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Adi Parva - Churning of the Ocean

4.19  ·  Rating Details ·  238 Ratings  ·  35 Reviews
From the bestselling author of Kari comes a brilliant new interpretation of mythology. Combining stories from the Adi Parva which precede the main narrative of the Pandav-Kaurav war for succession.
Hardcover, 276 pages
Published August 30th 2012 by HarperCollins India
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The Palace of Illusions by Chitra Banerjee DivakaruniJaya by Devdutt PattanaikAjaya by Anand NeelakantanKarna's Alter Ego by Surendra NathMrityunjaya, The Death Conqueror by Shivaji Sawant
Books on Mahabharata
13th out of 112 books — 47 voters
Kari by Amruta PatilCrocodile in Water, Tiger on Land by CWTLZero Defect by Aarohan AtwalThe Itch You Can't Scratch by Sumit KumarMoonward by Appupen
Indian Comics
12th out of 30 books — 14 voters

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Community Reviews

(showing 1-30)
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Rijula D
May 10, 2013 Rijula D rated it it was ok
Amruta Patil has the ability to craft a sentence that turns a knife ever so excruciatingly somewhere inside the reader's soul; this book had a few of those moments too, but ultimately it was a red herring. A fractious, cobbled-together pastiche of the Mahabharat for the fancy Indians and their white friends. what does it start from? where does it go? what is the grain of sand, the central heart stopping philosophy that the pearl is woven around? Mahabharat has an answer to those questions, Adi ...more
Vivek Tejuja
Jan 20, 2013 Vivek Tejuja rated it it was amazing
There is the concept of the storyteller in the Indian tradition, also known as the sutradhar. The one who holds the thread, that’s what it means. Of storytelling, of plots, of history and of the present and the future. One must not underestimate the ability of a storyteller. There is more to them than what meets the eye. This is what Amruta Patil tries and brings about amongst many things in her latest offering, “Adi Parva”.

“Adi Parva” is Book 1 of the Mahabharata. It is how the epic came to be,
Ronil Diyora
Jun 20, 2016 Ronil Diyora rated it liked it
My review will actually be: 3.5

A good book with large and detailed images and drawings! It has chosen only one topic particularly about Mahabharata, so if someone starts to read the book with thought that it will give detailed insight of Mahabharata then one will get disappointed.

The illustrations are sometimes very gorgeous and thought-provoking, while sometimes they are bit out of the context. So it makes one fill like the continuum is not maintained but on second thought it seems there are ma
Parmeet Kohli
Jan 28, 2015 Parmeet Kohli rated it it was amazing
Shelves: top
So a Mahabharata fixation made me pick Adi Parva - Churning of the Ocean by Amruta Patil. My first graphic novel and I wasn't sure what to expect. What an outstanding read it turned out to be! Up there with Mrityunjaya for me as an alternate narration of the epic. Her paintings are beyond words and so is the narrative. Her prose never fails to match her stunning artwork and sets a wonderful pace to the tale. Patil uses the age old Indian tradition of a "sutradhar" to weave her web of stories and ...more
Abhinav Agarwal
Dec 26, 2012 Abhinav Agarwal rated it it was amazing
A spectacular graphic retelling of the Mahabharata. This first in a trilogy will leave you spellbound

Adi Parva, by ("via") Amruta Patil is a standout addition to the retellings of the epic, for several reasons. This lavishly produced high quality edition is a marvelous work, for several reasons. This is a graphic book, with the emphasis being more on the drawings than on the text. Each page has at most a two-three lines of text, which leaves you with a full page of charcoal or color illustration
Jan 22, 2013 Vaidehi rated it it was amazing
A stunning new take on traditional Indian myths and legends as well as the oral tradition. The author is able to add incredible depth to these oft-told stories and her original illustrations allow an incredibly interesting perspective to the tales - an absolute must-read!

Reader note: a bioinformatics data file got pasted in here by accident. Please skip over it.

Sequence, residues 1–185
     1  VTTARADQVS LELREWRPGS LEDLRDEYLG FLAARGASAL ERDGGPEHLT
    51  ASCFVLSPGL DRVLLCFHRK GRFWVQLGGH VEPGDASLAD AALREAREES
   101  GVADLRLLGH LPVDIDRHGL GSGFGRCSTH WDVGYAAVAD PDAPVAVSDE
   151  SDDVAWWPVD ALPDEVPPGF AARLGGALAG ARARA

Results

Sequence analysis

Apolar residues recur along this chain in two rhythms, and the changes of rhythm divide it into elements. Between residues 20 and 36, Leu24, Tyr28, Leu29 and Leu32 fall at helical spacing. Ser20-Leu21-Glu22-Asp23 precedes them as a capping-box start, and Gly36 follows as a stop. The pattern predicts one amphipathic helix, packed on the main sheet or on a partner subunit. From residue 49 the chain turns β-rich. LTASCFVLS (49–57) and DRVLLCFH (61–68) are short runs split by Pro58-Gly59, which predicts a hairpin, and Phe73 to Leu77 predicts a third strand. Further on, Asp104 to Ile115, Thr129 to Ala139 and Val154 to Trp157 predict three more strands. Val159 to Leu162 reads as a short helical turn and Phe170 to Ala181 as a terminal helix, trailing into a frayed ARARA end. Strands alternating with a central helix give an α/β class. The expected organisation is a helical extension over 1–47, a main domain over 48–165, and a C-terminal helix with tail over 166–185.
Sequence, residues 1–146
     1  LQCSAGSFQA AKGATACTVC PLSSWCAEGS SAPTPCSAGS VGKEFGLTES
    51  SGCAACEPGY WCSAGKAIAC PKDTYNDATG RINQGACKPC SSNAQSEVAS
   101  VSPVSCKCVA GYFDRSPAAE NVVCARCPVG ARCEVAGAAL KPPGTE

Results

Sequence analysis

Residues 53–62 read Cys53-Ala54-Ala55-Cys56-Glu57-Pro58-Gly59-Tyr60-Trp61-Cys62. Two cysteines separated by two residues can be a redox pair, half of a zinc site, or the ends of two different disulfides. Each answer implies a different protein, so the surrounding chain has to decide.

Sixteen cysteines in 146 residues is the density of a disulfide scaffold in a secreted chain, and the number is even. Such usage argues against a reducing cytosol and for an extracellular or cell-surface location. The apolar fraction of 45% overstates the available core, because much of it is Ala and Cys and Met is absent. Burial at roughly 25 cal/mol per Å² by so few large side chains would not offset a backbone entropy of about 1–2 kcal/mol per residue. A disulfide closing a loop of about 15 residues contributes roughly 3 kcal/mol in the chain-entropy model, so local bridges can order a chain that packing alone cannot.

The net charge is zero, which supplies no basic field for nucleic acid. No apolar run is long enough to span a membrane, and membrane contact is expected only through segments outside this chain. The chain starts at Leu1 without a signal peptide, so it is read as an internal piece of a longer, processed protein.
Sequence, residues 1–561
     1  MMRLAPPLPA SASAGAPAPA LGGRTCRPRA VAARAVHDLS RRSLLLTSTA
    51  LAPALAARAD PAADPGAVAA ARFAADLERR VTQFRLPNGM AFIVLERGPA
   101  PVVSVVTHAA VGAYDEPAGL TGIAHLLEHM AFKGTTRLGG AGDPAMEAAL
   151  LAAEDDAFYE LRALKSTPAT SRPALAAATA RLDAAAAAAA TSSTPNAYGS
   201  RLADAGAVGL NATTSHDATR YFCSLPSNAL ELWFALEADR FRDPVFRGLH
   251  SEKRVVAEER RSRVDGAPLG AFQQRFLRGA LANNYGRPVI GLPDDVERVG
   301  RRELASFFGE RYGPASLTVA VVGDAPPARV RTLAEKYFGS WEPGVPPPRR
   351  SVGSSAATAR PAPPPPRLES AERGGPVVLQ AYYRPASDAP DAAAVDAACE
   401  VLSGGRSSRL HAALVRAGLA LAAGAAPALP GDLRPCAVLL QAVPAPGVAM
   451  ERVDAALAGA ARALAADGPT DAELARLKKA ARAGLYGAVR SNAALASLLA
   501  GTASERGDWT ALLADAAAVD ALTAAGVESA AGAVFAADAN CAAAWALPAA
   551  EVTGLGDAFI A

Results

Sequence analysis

Nov 15, 2016 Dpcinh rated it it was amazing
Any retelling of this eternal epic is bound to be interesting. This graphic version is no exception. Frankly, I found the illustrations dense and rather abstract - as if clouded by the mists of time. However, my artist wife considers them brilliant, and I've valued her judgment in all things aesthetic. What I found fascinating was the script - was it hand crafted or printed? Finally, my 5 star rating shows my appreciation. Have also got the sequel "Sauptik" and am champing at the bit to start on ...more
Varsha Dinesh
Sep 26, 2016 Varsha Dinesh rated it really liked it
I think overall 3.5

Some of Amruta Patil's prose is absolutely jaw-droppingly beautiful, and the format is very well suited to this kind of storytelling. I adore the story-within-a-story narrative, and the paintings are gorgeous. I do wish there was a little more depth to each story told within the network of stories. This reads like a collection of very condensed nuggets from the Mahabharata rather than an in-depth look at any particular narrative thread: I do wish Patil had focused on something
Nesa Sivagnanam
Jul 23, 2016 Nesa Sivagnanam rated it it was amazing
A beautiful book. Gorgeous artwork on smooth as silk pages.

An old tale told as it should be ... in the voice of storytellers who are themselves part of the tale.

Not all great stories have small beginnings. Sometimes a storyteller meets a tale so vast she can only start with the gods.

Adi Parva opens under a tree beside a river. Not far away, smoke rises to the sky, and fiery sparks shoot up to burn the stars: King Jamejaya is burning snakes. All the snakes, in the entire world. He's summoned ris
May 19, 2016 Rohit rated it really liked it
Shelves: mythology
My recently re-discovered love for Indian mythology, thanks in no small measure to Mrs. Divakurani's 'The Palace of Illusions', guided me to purchase this book when a group on FB announced that a book by the name of 'Adi Parva' was available at a discount. The name piqued my interest, the theme appealed to me, and after ascertaining that the reviews were mostly positive, I decided to take the plunge.

The books deals with a handful of ancillary tales surrounding the main story of Mahabharat. These
Jul 08, 2013 Suhit rated it really liked it
Amazing graphic interpretation of unknown parts of Mahabharata. The creativity/imaginations put in most of art work is in different mediums charcoal acrylic etc and its really beautiful. This book doesn't talk about the great fight or the great conversation between Arjun and Krishna. The stories are mostly before that. The storytelling using Ganga as a sutradhar brings up a connection to the modern world. Even the dialogues seem anachronistic but delivers the message with a contemporary connect. ...more